New research in rodents has demonstrated the alarming potential of a wide range of commonly encountered chemicals, from pesticides to vehicle fuels, to cause disease not just in the individual exposed to them but in future generations - whether they are also exposed to such toxic chemicals or not - as a result of epigenetic effects.
The study was conducted by scientists at Washington State University and the results published online in the journal PLoS ONE this week. The team, led by molecular biologist Michael Skinner, were able to show in rats that a whole host of environmental pollutants caused negative health effects in threee generations of an exposed animal's offspring.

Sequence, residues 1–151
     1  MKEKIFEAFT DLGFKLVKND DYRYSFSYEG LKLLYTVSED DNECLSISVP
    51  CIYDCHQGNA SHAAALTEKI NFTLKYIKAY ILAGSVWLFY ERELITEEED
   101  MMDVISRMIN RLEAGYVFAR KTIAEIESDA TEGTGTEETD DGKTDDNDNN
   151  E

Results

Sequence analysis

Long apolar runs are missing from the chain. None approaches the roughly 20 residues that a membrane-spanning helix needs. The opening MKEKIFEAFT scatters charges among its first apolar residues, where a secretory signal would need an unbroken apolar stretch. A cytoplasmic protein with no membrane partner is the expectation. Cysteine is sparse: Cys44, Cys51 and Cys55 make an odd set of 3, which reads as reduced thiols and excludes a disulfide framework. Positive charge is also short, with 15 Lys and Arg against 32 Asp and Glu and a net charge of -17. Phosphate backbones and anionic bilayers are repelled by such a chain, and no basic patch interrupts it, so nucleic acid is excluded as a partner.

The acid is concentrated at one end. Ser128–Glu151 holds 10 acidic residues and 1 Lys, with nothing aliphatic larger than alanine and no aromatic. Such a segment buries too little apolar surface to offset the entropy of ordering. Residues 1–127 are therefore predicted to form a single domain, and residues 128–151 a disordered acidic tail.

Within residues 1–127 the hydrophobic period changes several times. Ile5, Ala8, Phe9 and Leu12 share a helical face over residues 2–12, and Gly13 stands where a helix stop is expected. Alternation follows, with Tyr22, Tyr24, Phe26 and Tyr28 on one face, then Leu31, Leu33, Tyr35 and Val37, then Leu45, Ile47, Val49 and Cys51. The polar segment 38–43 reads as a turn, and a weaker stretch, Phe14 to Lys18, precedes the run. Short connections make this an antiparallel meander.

This is the first study to look at generational health effects of exposures to chemicals from a wide range of different classes. The study was funded by the US Army who wish to understand the effects of chemicals to which troops are likely to be exposed on the battlefield - in an effort one would hope - to avoid a repeat of an epidemic of Gulf War illness (GWI) type health problems following future conflicts. As such Skinner and his team looked at the effects of dioxins, the pesticides DEET and permethrin, the plastic ingredients bisphenol A and phthalates, as well as jet fuel (which is not so dissimilar to the gas/petrol you fill your car with).